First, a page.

Q&A with the Erie Otters’ Rob Hisey
By Ken McKenna
Following a season that featured an appearance in the Memorial Cup tournament, the Erie Otters found themselves in somewhat unfamiliar territory to start the 2003-03 campaign. Otters’ coach Dave MacQueen and his charges were staring at a sub-.500 record in early November, with the team unable to rekindle the fire that took them to the top of the OHL the previous season.
As teams tend to do in these situations, the Otters pulled the trigger on a six-player deal that brought in some new blood from the Sault Ste. Marie Greyhounds. For Erie, the centerpiece of that trade was Rob Hisey, a playmaking center from the Toronto area. Hisey was coming off of a strong rookie season in the ‘Soo’, and was off to a productive start in 02-03 before being traded.
Not long after Hisey arrived in Erie, the Central Scouting Service announced their preliminary rankings for the 2003 prospects, with Rob sitting at #21 amongst the North American skaters. That honor was an affirmation of the center’s considerable skill, and was proof that a player of his smaller stature (5’9″, 175 lbs.) could still grab the attention of the scouts in an era where larger players tend to get most of the press.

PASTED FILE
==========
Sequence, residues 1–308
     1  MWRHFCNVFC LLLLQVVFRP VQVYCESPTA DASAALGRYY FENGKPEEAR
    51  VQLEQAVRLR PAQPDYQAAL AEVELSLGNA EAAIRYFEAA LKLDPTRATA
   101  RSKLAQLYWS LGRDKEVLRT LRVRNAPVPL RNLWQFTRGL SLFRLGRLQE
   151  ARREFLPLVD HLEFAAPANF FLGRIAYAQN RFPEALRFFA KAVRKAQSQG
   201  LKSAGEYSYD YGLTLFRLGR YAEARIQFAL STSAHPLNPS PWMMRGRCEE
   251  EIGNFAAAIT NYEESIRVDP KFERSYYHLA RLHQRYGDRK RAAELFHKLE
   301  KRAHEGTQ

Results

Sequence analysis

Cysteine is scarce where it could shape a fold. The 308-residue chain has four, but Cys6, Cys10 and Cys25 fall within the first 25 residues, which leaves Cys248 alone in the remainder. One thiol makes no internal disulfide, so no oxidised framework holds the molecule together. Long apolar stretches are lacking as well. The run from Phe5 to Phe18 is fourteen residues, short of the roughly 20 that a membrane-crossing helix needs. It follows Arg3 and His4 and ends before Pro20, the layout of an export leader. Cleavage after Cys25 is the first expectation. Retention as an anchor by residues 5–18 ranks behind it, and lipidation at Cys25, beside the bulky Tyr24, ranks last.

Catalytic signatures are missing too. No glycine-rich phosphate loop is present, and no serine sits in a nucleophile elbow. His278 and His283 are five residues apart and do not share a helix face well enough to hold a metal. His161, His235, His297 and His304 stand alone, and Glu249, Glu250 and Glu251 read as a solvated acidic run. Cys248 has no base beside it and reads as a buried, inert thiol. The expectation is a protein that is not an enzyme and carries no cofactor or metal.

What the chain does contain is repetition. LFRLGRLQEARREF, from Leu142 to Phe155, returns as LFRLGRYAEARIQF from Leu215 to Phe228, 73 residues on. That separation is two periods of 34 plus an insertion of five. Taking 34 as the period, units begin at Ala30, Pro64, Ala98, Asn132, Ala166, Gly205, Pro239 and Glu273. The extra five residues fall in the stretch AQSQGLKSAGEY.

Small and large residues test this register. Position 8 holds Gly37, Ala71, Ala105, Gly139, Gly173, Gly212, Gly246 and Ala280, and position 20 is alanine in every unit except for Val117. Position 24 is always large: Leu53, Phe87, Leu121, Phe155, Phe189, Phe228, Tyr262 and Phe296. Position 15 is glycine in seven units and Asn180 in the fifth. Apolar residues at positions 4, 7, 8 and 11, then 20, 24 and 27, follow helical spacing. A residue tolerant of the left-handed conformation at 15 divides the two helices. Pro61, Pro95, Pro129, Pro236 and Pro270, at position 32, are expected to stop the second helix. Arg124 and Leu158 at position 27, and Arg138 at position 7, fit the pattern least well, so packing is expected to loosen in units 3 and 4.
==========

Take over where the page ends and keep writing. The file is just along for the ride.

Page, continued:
Hisey has been Erie’s best offensive player since coming to the team, leading the Otters in points while also sitting at 20th in scoring in the OHL. His draft ranking dropped at bit in the CSS’s Mid-Term Rankings, with Rob now rated the 81st skater in North America. In spite of this drop, Hisey certainly has enough offensive creativity and natural ability to get some attention in the upper portion of the 2003 NHL Draft.
This writer had the opportunity to interview Rob, with the transcript of that chat being presented below.
HF: How has the experience been so far of coming over from Sault Ste. Marie to Erie?
RH: It’s been great. All the guys have been real nice to me. The fans have been great, and it’s a great city to play hockey in.